La Meri / Bill Adams Collection



Repository Name: Jacob's Pillow Dance Festival Archives
Repository Location: Becket, Massachusetts


1910 – 1979 (Inclusive date(s))


5 boxes

Related Entities

La Meri (is related to)

Administrative/Biographical History

La Meri (1899-1988) was a pioneer in the field of ethnic dance, specializing in Spanish, Mexican and Indian dance forms. She was born Russell Meriwether Hughes in Louisville, Kentucky and moved to San Antonio, Texas as a child. While in Texas, she was inspired by performances by Anna Pavlova, La Argentina, and the Ballet Russes and decided to become a dancer. She began her dance career in the company of Spanish dancer Maria Montero in New York City in 1928. After performing in Mexico she adopted the name La Meri as a permanent stage name and began touring the world to widespread acclaim. Her tours encompassed South and Central America, Europe, Scandinavia, Africa, Australia, New Zealand, Tasmania, India, Burma, Malaya, Java, the Philippines, China, Japan, Ceylon and Hawaii. With Ruth St. Denis, she established the School of Natya in New York in 1940 where she taught Indian dance. She renamed the school the Ethnological Dance Center in 1943 and it was open until 1956. She was also a frequent performer and teacher at Jacob’s Pillow Dance Festival, where she first performed in 1940. Her Pillow appearances were varied and many, encompassing virtually every season until her retirement in the 1960s. She was a major cornerstone of the Pillow’s faculty for decades, and she served as a longtime member of the Board of Directors. Retiring to Cape Cod, La Meri continued to write and produced ethnic dance festivals from 1970 until 1979 at the Ethnic Dance Arts organization. She published her autobiography entitled Dance Out the Answer in 1977. In 1984 she moved back to San Antonio and died in 1988.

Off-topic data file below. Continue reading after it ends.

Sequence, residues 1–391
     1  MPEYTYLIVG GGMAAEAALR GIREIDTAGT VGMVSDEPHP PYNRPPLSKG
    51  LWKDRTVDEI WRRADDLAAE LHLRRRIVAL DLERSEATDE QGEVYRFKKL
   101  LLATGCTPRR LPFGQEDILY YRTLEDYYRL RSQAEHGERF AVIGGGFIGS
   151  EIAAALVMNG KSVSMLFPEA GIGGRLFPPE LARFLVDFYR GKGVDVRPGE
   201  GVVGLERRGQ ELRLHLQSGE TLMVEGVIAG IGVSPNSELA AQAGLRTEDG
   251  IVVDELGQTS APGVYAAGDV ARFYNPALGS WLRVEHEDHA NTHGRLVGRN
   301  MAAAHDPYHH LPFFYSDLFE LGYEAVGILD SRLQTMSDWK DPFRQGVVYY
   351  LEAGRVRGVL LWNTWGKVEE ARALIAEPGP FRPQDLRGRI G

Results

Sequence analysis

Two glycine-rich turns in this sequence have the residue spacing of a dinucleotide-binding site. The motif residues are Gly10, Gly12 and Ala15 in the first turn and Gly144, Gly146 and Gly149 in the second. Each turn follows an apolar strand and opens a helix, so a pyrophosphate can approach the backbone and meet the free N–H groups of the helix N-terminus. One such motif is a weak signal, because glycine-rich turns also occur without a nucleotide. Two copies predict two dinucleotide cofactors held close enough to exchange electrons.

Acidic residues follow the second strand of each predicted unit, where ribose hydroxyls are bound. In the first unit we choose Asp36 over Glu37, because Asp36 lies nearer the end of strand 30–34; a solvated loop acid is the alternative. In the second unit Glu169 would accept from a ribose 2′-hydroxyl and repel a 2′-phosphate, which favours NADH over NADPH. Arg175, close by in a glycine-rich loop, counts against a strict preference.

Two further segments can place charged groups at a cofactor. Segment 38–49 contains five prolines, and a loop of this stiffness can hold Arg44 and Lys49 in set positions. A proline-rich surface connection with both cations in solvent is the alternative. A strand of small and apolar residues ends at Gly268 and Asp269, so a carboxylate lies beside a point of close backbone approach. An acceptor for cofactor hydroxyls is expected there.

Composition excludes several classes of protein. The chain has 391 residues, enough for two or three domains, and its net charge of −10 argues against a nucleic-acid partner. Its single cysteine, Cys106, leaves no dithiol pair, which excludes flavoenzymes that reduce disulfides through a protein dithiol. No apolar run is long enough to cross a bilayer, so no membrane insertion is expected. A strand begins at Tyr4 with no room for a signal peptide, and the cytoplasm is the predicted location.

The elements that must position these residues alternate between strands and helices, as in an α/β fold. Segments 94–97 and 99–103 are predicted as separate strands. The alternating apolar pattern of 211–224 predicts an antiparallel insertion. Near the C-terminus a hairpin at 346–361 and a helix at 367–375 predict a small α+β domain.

Gift of Bill Adams (2014) with significant contributions from Nancy Ruyter and the estate of Josie Neal. This collection was originally compiled by La Meri and loaned to a potential biographer, Josie Neal, in the 1980s. After the deaths of both La Meri and Josie Neal, it remained undisturbed in the hands of Neal's family for many years. At some point after 2010, longtime La Meri companion Bill Adams tracked down Josie Neal's daughters, retrieved the collection from them, and subsequently donated it to Jacob's Pillow. In preparation for a book on La Meri, Nancy Ruyter digitized and described much of the manuscript material, and these scans and descriptions have become an integral part of the collection.

Collection Contents